Joe Chester  thankful for small mercies after missing Nice attack

After just missing the attack in Nice, Joe Chester is happy to be making music, writes Steve Cummins.

THERE was a time when Joe Chester wanted to be a priest. The acclaimed songwriter, producer and occasional member of The Waterboys says, that as a teenager growing up in Dublin, Catholicism, and not rock music, was his religion.

“I was very religious. I would say that I was devout until I was in my early 20s,” the 44-year-old confides, over tea in Dublin’s Library Bar. 

“I was born in 1972. It was a different time. At one stage I thought I was going to join the priesthood. That’s what I wanted to do. 

“I was a member of the Dominican Council of Youth, which was kind of like a propaganda group. It was the publicity wing of the Church. And I loved it. I was so into it.”

Chester’s revelation comes as we discuss his remarkable fifth album, The Easter Vigil. Framed around Easter Week, it is a record that on the surface would appear to have obvious overtones. 

From ‘Spy Wednesday’ through to ‘Like A Rose Tattoo’, its nine tracks are peppered with religious references. 

Yet, it quickly reveals itself as something opposite, a subtly angry meditation on the unwinding of one’s faith.

“I wouldn’t like people to think that it’s a religious record at all,” says Chester, who turned his back on the Church more than two decades ago.

“Some of the songs are about that, but a lot of them are not. In one way you could read it as being about what happens to the vacuum that’s left behind when a person loses their faith. 

“It’s a funny expression that, losing faith. It’s not like you find something else. A much better way to describe the experience is that it is enlightenment, actually. To stop believing in all that stuff is a positive.”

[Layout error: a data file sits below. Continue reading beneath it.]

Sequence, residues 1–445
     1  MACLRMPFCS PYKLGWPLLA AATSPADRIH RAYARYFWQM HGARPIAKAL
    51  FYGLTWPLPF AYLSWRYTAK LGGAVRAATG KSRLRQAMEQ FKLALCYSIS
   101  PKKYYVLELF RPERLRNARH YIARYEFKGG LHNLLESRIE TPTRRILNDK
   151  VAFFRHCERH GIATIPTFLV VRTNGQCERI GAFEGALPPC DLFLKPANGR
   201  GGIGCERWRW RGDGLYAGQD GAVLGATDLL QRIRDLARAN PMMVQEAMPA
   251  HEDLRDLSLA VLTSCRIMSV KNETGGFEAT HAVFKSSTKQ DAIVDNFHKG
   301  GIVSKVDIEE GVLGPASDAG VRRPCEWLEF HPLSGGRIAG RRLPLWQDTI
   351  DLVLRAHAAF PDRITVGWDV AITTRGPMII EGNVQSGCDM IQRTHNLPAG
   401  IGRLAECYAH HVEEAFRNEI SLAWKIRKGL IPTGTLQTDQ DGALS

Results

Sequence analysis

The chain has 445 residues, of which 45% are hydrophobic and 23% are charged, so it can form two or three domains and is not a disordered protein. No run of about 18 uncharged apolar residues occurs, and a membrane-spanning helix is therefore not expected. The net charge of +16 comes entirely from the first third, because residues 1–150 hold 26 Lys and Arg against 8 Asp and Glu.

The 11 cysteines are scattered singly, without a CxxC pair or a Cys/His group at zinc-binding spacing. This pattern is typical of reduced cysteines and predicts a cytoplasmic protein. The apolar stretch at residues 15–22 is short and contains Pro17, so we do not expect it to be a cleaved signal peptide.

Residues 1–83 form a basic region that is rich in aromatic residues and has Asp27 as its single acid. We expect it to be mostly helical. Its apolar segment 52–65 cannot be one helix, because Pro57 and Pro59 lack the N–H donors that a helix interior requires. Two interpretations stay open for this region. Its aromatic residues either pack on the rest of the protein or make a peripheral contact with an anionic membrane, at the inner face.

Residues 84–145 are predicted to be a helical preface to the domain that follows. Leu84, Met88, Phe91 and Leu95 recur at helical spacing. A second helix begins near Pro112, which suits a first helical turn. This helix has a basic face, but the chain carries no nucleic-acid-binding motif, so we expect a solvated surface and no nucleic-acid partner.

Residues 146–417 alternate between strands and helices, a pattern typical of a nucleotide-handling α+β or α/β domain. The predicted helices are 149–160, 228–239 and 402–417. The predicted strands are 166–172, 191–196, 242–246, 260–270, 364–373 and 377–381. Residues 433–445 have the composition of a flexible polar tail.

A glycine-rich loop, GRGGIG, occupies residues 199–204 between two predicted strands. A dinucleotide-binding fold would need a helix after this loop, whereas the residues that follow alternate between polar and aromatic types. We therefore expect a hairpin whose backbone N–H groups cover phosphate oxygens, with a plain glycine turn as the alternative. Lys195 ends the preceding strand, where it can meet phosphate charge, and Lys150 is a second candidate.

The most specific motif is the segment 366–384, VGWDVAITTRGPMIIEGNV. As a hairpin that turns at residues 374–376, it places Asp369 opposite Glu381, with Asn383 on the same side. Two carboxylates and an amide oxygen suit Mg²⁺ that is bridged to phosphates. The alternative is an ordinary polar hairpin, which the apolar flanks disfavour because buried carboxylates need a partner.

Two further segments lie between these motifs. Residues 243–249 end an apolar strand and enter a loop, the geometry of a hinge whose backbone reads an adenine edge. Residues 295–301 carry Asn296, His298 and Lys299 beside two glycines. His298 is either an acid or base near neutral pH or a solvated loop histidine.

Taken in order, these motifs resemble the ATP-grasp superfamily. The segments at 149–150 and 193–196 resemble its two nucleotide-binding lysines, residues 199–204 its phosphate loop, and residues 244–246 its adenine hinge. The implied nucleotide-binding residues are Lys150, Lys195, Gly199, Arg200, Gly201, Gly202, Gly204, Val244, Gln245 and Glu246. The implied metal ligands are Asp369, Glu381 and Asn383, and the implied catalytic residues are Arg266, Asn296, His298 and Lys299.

A fixture of the Irish music scene since the mid-1990s, Chester first surfaced as a recording engineer and guitarist with Sunbear and Ten Speed Racer. He released his debut solo album, A Murder of Crows, in 2005 and was nominated for that year’s Choice Music Prize. 

It began a run of albums that, despite glowing critical acclaim, failed to find an audience to match. 

He found greater commercial success as the producer behind hit albums by Mundy, The Coronas and Ryan Sheridan, yet says that eventually living in Ireland “became financially impossible”. He and his French wife have since emigrated to France.

“I was ready to leave for a long time,” he says. “I haven’t felt at home in Dublin for a long time. Even after just a year and a half, I feel more at home in France. I couldn’t relax here. I was anxious all the time.”

The move to Nice, however, hasn’t been without distress. The couple had a narrow escape during last summer’s horrific atrocity when a 19 tonne cargo truck was deliberately driven into crowds celebrating Bastille Day.

“We were on the promenade that day,” says Chester. “I still go over the numbers of this, why we got so lucky, because we literally missed it by minutes. Because my wife was feeling sick, we decided to go home early. 

“And I mean seriously, four or five minutes later the truck ploughed through the people just where we were. So a really, really narrow escape. I felt physically sick afterwards. I’ve never, ever experienced anything like that.”

The experience has brought perspective. For The Easter Vigil, his ambitions are modest. 

“I just want people to hear it,” he says.

“Every artist wants an audience. No one wants to release a record in a vacuum. I didn’t bother touring The Tiny Pieces Left Behind (2008), the follow-up to ‘A Murder of Crows’, and that sort of started 10 years in the wilderness.

“I don’t want to go back to that – self-releasing records to no one. I would much prefer to be the only person to ever hear this record than to just have it languish in obscurity. Hopefully it will get heard.”

The Easter Vigil is out now on Bohemia Records


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